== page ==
Declining incidences in Europe of overt nephropathy, proliferative retinopathy, and mortality in type 1 diabetes have recently been reported. However, comparable data for the U.S. and trend data for neuropathy and macrovascular complications are lacking. These issues are addressed using the prospective observational Pittsburgh Epidemiology of Childhood-Onset Diabetes Complications Study. Participants were stratified into five cohorts by diagnosis year: 1950-1959, 1960-1964, 1965-1969, 1970-1974, and 1975-1980. Mortality, renal failure, and coronary artery disease (CAD) status were determined on the complete cohort (n = 906) at 20, 25, and 30 years. Overt nephropathy, proliferative retinopathy, and neuropathy were assessed at 20 and 25 years on the subset of participants with a clinical examination. There was a decreasing trend by diagnosis year for mortality, renal failure, and neuropathy across all time intervals (P < 0.05), with the 1950-1959 cohort having a fivefold higher mortality at 25 years than the 1970s' cohorts. Proliferative retinopathy and overt nephropathy showed nonsignificant declines at 20 years (P < 0.16 and P < 0.13, respectively) and no change at 25 years. CAD event rates, which were lower than the other complications, also showed no trend. Although some type 1 diabetes complications (mortality, renal failure, and neuropathy) are declining, others (CAD, overt nephropathy, and proliferative retinopathy) show less favorable changes by 30 years.
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            Prevalence of complications in IDDM by sex and duration. Pittsburgh Epidemiology of Diabetes Complications Study II.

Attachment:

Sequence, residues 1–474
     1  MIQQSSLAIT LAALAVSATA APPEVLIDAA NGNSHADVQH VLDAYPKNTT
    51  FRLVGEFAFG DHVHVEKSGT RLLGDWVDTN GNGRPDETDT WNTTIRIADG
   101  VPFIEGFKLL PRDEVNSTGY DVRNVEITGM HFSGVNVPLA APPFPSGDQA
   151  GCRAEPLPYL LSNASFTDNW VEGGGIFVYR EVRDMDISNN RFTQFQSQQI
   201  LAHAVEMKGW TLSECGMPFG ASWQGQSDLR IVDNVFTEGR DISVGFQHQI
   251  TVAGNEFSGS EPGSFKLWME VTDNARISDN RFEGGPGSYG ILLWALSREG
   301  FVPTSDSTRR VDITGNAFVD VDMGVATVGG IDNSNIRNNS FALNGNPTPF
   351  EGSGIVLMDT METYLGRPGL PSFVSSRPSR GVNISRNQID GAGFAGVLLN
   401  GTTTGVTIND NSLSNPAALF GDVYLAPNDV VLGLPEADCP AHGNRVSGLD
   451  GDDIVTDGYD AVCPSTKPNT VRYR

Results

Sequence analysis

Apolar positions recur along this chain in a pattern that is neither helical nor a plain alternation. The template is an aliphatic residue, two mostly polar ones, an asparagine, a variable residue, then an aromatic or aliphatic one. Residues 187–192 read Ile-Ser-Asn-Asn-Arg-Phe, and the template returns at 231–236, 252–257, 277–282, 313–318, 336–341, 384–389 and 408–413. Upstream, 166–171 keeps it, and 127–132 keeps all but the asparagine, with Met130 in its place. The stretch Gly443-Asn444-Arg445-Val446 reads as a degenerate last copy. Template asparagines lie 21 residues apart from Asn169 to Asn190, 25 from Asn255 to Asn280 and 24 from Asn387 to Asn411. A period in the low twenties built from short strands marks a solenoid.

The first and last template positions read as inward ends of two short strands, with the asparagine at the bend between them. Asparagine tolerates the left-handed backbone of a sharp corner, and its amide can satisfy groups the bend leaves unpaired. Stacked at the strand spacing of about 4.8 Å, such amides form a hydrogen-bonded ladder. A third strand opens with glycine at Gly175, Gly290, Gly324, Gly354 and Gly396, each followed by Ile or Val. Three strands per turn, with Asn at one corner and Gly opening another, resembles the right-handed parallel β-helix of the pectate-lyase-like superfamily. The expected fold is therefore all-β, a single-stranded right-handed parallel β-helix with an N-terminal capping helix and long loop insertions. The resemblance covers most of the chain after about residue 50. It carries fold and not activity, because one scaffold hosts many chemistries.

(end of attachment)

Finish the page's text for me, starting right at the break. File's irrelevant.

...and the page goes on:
The prevalence of and interrelationships among all four major complications of insulin-dependent diabetes mellitus (IDDM) and their risk factors are being examined in a large epidemiologic study of IDDM subjects diagnosed in childhood. This article focuses on the baseline prevalence of complications in the 657 subjects diagnosed between 1950 and 1980 and currently aged 8-48 yr, with a mean duration of 20 yr. In addition to background retinopathy being virtually universal after 20 yr of diabetes, proliferative retinopathy affects 70% of IDDM subjects after 30 yr duration. As with overt nephropathy, prevalence of proliferative retinopathy is marginally higher in females than in males at short durations; the previously reported male excess is limited to the subjects with IDDM of longer duration (greater than or equal to 25 yr). Somewhat different patterns of microalbuminuria are also seen by sex. Males show a threefold increase in prevalence from 10 to 25 yr duration, whereas females show a more constant prevalence across these durations. A further rise in microalbuminuria is seen in males but not females at greater than or equal to 30 yr duration, giving a combined prevalence of microalbuminuria and overt nephropathy at greater than or equal to 30 yr duration of 84% (males) and 59% (females). Distal symmetrical polyneuropathy shows a constant rise with duration and is only marginally higher in men. Prevalence of cardiovascular (coronary and cerebral) disease shows no sex difference, whereas peripheral vascular disease is particularly common in women after 30 yr duration (greater than 30%) compared with men (11%) when determined by ankle/arm blood pressure ratio less than 0.8 at rest or after exercise.(ABSTRACT TRUNCATED AT 250 WORDS)